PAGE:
10. gatorprof says: Jan 19, 2011 10:19 PM

    I don’t see how this makes ESPN money in the long run.

    UT has a great athletic program,

    but not the best. This is especially true when you look at the major revenue sports.

    If history is any indicator, they aren’t likely to be a title town type of program in the major revenue sports in the near future.

    Their football team has 1 title in the past 40 years.

    Their men’s hoops has 1 final 4 and no titles in the past 40 years.

    Anyway, good for UT. Glad they could get the $$$.

  11. edgy says: Jan 19, 2011 10:28 PM

    I hate to tell you, gatorprof but Texas was #1 in the Forbes list of most valuable college football programs at $119 million while the Gators were 6th at $88 million (Alabama was 5th at $92 million. Even with all their problems, Notre Dame was second at $108 million so I don’t expect that Texas will take a big hit unless they have 4 or 5 season in a row of less than 10 wins. This will be a major recruiting tool for Texas.

  12. burntorangehorn says: Jan 19, 2011 10:31 PM

    gatorprof–success isn’t measured by national titles alone. Texas was the most successful football team in the nation in terms of wins from 1998-2009, weren’t they? But more to the point, Texas is by far the most profitable athletics program in the entire country, which is really the most important factor in a network. TCU could have five national titles in the past decade, but it wouldn’t matter, because no one cares about TCU except their tiny alumni base. Texas has the profitability and the most numerous fanbase in sports

  13. burntorangehorn says: Jan 19, 2011 10:51 PM

    Texas’ 2008 football revenues were $87M, with actual profits of $65M. To put things in perspective, Ohio State was second in revenues at $68M, and Georgia was second in profits at $45M. 2008 was the fifth year of the past six to that point that Texas led the nation in both categories. 2009 was the same story, putting Texas at six out of seven, and 43% more profitable than SEC-leading Florida. We’ll have the 2010 figures eventually, but despite the losing football season, Texas memorabilia still sold like hotcakes, and the home attendance was over 100k every week.


    gatorprof, if you’re truly a prof at that fine institution, I’m sure you had to perform a bit of analysis and critical thinking en route to your PhD. If you were to do even a small amount of same here, you’d see that Texas is by far the most fitting school for this type of move for ESPN.

  14. gatorprof says: Jan 20, 2011 6:38 AM


    Go back and reread. I wasn’t advocating this for any school, but was puzzled as to how this is a wise business move for ESPN.

    How does ESPN make a profit off of this? I don’t see it. ESPN isn’t going to get a cut of the ticket sales, merchandise, etc. I just do see it.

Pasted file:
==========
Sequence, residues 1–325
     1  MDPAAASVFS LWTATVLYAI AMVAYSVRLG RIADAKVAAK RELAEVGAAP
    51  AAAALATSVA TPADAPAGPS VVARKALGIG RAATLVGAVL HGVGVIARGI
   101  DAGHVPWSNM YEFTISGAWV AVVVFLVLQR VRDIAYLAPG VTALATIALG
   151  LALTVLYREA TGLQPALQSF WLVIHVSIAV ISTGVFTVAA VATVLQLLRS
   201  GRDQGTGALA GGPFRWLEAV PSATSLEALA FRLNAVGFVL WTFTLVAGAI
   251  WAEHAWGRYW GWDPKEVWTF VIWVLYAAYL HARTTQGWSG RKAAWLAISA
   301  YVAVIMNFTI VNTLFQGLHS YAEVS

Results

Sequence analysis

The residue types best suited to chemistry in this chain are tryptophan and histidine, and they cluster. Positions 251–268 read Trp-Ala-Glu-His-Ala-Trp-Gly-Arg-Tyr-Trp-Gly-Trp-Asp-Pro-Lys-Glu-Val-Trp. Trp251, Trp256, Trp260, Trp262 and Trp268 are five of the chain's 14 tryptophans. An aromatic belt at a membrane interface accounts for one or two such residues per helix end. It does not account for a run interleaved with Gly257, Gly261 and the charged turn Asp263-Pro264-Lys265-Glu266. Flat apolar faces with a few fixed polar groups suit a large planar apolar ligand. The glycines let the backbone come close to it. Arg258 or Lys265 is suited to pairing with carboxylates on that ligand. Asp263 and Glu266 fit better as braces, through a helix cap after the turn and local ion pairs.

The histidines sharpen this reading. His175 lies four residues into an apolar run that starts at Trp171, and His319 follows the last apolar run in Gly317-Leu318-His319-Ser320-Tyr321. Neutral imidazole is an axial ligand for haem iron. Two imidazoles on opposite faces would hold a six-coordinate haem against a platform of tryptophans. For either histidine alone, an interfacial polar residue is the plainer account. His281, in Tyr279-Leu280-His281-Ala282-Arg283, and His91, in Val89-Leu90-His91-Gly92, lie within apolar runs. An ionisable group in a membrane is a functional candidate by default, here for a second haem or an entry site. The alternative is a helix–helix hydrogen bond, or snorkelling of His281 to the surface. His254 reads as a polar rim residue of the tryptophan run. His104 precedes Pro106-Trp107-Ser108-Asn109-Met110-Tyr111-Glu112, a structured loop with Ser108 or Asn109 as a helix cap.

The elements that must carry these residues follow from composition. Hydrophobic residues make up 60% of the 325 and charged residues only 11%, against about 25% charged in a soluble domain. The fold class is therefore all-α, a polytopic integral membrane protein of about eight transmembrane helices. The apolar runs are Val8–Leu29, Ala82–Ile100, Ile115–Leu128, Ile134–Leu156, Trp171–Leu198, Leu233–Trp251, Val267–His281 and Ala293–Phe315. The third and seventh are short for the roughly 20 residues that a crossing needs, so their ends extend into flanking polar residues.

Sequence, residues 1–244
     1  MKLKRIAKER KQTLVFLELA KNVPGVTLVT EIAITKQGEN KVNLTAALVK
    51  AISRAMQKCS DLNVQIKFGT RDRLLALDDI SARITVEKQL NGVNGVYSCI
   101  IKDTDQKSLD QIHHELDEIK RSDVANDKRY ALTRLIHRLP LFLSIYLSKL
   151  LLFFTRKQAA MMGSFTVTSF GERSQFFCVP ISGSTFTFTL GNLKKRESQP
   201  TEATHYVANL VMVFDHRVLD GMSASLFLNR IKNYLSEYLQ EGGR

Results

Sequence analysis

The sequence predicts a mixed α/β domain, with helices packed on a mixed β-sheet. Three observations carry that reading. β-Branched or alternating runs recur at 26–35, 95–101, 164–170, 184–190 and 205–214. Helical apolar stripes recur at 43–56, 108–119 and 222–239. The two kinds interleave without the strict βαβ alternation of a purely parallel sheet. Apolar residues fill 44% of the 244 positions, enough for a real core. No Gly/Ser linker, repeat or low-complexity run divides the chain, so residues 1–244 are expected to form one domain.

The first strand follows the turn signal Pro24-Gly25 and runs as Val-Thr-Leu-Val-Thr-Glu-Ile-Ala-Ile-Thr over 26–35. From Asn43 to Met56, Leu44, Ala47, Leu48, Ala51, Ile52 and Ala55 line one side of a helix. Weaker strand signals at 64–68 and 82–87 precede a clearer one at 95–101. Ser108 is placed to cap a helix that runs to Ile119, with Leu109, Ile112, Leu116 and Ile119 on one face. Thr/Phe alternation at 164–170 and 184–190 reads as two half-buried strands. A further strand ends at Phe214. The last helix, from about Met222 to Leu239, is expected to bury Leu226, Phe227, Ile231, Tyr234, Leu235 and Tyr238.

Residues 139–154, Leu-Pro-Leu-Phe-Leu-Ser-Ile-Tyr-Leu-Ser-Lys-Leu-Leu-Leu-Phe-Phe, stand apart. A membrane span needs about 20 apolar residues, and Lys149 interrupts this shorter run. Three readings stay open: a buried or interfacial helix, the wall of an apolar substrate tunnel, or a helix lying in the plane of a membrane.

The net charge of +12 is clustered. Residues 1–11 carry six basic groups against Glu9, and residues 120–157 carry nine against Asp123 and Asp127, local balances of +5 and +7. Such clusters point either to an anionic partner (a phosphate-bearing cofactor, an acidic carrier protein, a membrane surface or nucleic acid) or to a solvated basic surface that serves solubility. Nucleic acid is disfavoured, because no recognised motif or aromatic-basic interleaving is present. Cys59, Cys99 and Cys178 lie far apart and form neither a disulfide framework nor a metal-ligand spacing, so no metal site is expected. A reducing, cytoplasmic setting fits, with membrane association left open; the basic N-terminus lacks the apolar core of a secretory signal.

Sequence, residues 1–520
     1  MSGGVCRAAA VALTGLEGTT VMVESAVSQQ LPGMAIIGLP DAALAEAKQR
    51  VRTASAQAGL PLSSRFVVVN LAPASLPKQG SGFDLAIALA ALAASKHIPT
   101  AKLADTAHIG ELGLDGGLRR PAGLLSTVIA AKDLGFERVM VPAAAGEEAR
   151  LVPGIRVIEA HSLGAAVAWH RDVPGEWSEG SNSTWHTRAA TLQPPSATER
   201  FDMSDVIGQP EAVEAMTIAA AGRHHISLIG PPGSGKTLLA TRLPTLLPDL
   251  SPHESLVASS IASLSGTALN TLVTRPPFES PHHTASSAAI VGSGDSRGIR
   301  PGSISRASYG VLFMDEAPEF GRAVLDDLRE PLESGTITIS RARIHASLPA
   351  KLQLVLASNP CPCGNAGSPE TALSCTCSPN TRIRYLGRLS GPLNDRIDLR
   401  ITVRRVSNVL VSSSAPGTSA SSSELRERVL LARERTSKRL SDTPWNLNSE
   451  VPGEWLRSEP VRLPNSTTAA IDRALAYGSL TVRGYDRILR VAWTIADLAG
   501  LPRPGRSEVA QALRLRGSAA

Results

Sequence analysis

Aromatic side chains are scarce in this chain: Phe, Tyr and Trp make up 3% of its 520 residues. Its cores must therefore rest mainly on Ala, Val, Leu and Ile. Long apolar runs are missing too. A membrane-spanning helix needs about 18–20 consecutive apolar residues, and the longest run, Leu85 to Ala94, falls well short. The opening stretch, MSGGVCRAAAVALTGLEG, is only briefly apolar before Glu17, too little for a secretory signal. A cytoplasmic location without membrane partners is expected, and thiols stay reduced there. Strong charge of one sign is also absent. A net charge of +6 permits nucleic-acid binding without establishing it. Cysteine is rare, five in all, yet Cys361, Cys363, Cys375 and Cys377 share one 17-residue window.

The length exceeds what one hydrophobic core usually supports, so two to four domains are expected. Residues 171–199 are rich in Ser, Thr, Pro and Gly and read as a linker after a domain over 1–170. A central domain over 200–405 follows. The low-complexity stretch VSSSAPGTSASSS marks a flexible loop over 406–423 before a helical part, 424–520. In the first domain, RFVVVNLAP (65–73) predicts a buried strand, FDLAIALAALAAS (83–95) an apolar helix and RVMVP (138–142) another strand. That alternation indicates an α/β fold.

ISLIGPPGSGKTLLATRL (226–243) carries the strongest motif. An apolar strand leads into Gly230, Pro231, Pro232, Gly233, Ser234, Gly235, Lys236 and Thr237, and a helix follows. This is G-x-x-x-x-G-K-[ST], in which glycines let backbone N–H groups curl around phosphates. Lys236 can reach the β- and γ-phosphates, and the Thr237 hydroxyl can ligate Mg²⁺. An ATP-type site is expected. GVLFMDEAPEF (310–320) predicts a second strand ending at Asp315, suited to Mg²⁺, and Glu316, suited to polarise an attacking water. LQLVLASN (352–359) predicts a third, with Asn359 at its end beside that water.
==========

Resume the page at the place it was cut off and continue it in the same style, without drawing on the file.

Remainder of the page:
Like I said, good for UT.

    Re: “success isn’t measured by national titles alone.” No, but it should be the ultimate measure of success, not profit.

  15. burntorangehorn says: Jan 20, 2011 9:53 AM

    No, it shouldn’t be the ultimate measure of success. A national title is a matter of being hot at the right time, not having the most success.

    Anyway, ESPN will make money hand over fist on this. They’ll get subscriber fees for first- or second-tier within the Texas footprint, and likely premium subscriber fees outside that footprint. Crunching the numbers a $0.30/subscriber, that offsets around $8M–more than half of what ESPN will pay Texas annually. On top of that, ESPN doesn’t have to pay to “upgrade” any Texas games to ABC, ESPN, or ESPN2 anymore, which is a big offset. Exclusivity mean ESPN/Disney/ABC doesn’t have to bid against FOX for those games, either, which drives down costs. Finally, advertising revenues will constitute a large amount of the returns. While Longhorn cross country coverage will likely be riddled with Sham-Wow commercials, football, basketball, and baseball games will have legitimate advertising. The 2-3 football games alone will put ESPN well into the black.

  16. edgy says: Jan 20, 2011 11:35 AM

    burnt, I would question the not paying to upgrade to ESPN for football games statement because I don’t believe that it really affects many of their games. ESPN would hold the rights to a game or two a year but only on this channel, which will NOT be ESPN but it’s own channel (and contrary to what they might think, I’d be hard pressed to believe that ANY Oklahoma company would put this on their basic cable lineup unless ESPN employed their standard bullying tactics). It’s a great deal but from what I gather, it’s not going replace any existing contracts so the content won’t be as much of the sports that people want to watch but whatever is left over.